A child with her Soular BackpackThe Soular Backpack
Like all entrepreneurs, creators of social enterprises typically pivot at some point. But for many impact founders, that change in plans results from an unexpected discovery: Consumers typically buy their products based not on the enterprise’s larger social purpose, no matter how compelling, but because they simply like the stuff.
That’s certainly been the experience of Salima Visram.
She launched The Soular Backpack in 2015 to sell backpacks for school children in Kenya—not any book bags, but carriers with a solar panel connected to a battery pack that would be charged while students walked to and from school. At home, they could connect those batteries to an LED lamp, providing light in homes without electricity for five hours or so. Then she added a one-for-one model—for every product sold, a Soular Backpack would be donated to a child in need.
A few years later, however, she changed gears, launching SAMARA, a fashion company selling vegan leather bags, using earnings to fund Soular Backpack.
Visram thought of the idea for Soular Backpack while still a student at McGill University. Growing up in a well—off family near Kikambala, a poor village in Kenya, she knew she wanted to address the poverty she saw around her as a child. Families in Kikambala, like many households in rural Africa lacking electricity, had to use costly and dangerous kerosene. With solar-powered electricity, Visram realized, households would have a less expensive, safer alternative that also could provide more light for school kids trying to study at home. Eventually, she zeroed in on backpacks sporting a lens charged by a battery pack that could be easily powered during children’s long walk to and from school.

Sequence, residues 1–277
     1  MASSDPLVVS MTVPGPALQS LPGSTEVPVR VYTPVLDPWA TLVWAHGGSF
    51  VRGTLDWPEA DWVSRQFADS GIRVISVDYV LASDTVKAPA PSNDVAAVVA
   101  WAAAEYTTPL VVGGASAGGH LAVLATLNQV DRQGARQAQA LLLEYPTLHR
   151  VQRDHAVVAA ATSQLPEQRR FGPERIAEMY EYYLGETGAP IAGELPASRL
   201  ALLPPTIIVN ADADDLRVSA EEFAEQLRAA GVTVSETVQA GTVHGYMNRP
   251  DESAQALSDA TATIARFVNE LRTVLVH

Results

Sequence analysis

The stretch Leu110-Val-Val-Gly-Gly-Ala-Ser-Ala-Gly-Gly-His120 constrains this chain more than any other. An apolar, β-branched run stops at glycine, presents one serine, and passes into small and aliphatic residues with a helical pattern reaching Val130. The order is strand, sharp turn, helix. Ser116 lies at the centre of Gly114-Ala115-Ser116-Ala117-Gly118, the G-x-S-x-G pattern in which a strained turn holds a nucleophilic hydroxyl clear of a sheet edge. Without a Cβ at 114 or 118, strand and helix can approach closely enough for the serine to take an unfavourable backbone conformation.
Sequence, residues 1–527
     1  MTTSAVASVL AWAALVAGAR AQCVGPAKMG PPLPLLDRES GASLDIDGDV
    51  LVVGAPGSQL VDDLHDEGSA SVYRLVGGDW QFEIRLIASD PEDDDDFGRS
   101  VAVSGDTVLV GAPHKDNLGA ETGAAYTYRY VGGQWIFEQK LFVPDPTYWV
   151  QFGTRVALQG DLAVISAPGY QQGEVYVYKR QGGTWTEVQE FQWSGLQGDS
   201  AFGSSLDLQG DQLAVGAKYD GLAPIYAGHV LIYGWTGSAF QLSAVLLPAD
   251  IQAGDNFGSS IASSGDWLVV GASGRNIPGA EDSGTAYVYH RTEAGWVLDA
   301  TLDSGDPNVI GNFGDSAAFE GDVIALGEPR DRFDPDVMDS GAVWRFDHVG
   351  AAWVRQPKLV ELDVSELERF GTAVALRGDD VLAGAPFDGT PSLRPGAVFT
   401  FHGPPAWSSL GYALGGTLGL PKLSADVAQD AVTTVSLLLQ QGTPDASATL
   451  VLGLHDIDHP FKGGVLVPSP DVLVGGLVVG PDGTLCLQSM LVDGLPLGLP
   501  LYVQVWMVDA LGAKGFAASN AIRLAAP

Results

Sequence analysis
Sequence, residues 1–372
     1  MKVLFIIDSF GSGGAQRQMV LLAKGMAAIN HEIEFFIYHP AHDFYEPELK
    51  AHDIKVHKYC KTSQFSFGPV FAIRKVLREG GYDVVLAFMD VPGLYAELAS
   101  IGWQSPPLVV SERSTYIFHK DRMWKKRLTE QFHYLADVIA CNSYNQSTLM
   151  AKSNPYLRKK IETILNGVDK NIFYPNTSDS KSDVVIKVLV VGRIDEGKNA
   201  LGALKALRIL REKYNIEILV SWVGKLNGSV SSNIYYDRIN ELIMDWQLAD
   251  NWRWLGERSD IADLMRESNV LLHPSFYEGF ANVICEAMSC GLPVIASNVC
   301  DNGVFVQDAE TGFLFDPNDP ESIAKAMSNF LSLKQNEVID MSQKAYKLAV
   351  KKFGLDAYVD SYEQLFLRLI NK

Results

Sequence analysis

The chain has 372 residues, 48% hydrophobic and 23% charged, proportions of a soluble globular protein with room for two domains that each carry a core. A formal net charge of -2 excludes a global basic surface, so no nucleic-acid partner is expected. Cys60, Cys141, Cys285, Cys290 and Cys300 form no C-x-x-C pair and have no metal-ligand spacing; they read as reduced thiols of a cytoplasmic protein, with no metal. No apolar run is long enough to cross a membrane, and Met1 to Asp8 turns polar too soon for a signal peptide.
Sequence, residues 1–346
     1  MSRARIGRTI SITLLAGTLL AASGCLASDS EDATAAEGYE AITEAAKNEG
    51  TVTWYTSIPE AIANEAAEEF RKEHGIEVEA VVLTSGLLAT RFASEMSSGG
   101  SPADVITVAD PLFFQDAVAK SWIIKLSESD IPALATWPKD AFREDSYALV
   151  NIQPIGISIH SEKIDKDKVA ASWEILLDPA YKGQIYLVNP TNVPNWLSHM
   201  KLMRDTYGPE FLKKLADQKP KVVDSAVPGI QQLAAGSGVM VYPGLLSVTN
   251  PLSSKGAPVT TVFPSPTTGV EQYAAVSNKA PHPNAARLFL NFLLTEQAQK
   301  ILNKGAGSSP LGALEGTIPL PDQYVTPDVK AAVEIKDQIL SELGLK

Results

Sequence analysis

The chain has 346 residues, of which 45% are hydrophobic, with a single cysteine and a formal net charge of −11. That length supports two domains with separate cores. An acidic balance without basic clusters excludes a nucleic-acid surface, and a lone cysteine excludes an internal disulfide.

Of course, there were setbacks. After the first pilot, Visram learned that the lenses could easily get shattered if, say, a child dropped a backpack by accident. So in 2016 she went back to the drawing board and spent a full year creating a new mould for a different lens.
She also introduced a one-for-one model. But by the end of 2017, she realized she had to face facts. “People loved the Soular story, but it was hard to push it as a product in North America,” she says. “Ultimately, people want a product they will use.” Plus, the whole solar-powered battery thing wasn’t that effective in places like Canada, where long months went by without a sufficient amount of sun.
So, Visram decided she needed a different business model. When she couldn’t find a handbag she liked—something simple, affordable and made of something that didn’t involve killing animals—she designed her own. Friends loved it and, with that, she had her solution: to sell vegan handbags with an under-stated elegance. In late 2017, she launched SAMARA. She started with $500 for a production run of 10 bags and sold out almost immediately.
Soular Backpack, she decided, would focus on working with corporations and NGOs for distribution, with a small online presence. All the while, SAMARA would plow a portion of earnings to Soular. (Soular Backpack originally was registered as a nonprofit, so Visram could raise money through a crowdfunding site. Then she added a for-profit arm under the name The Soular Group Inc. Then she turned that into SAMARA). Also, marketing-wise, Visram would play up SAMARA’s minimalist styles, subtly telling the story of Soular Backpack on the web site. “We’re an impact company, but people think of us as a fashion brand,” she says.
Visram, of course, is hardly the only social entrepreneur to move from highlighting a social mission to placing it more to the background. Other examples range from one-for-one eyeglass company Warby Parker to Darn Good Yarn, which sells yarn made from discarded saris and other material.
Visram has also revised her thesis for how best to address poverty alleviation—focusing as much on creating employment as providing solar power. “I realized the best way to create impact is to employ children’s parents,” she says. In late 2016, she moved Soular Backpack production to Kenya from Asia, the better to provide jobs there. She hopes to do the same for SAMARA’s four productions lines next year.
Now, she’s working on creating a new way to make vegan leather using less plastic. Next year, she’s also coming out with a bag created from recycled ocean trash. Her goal for Soular: to distribute 30,000 backpacks by 2020.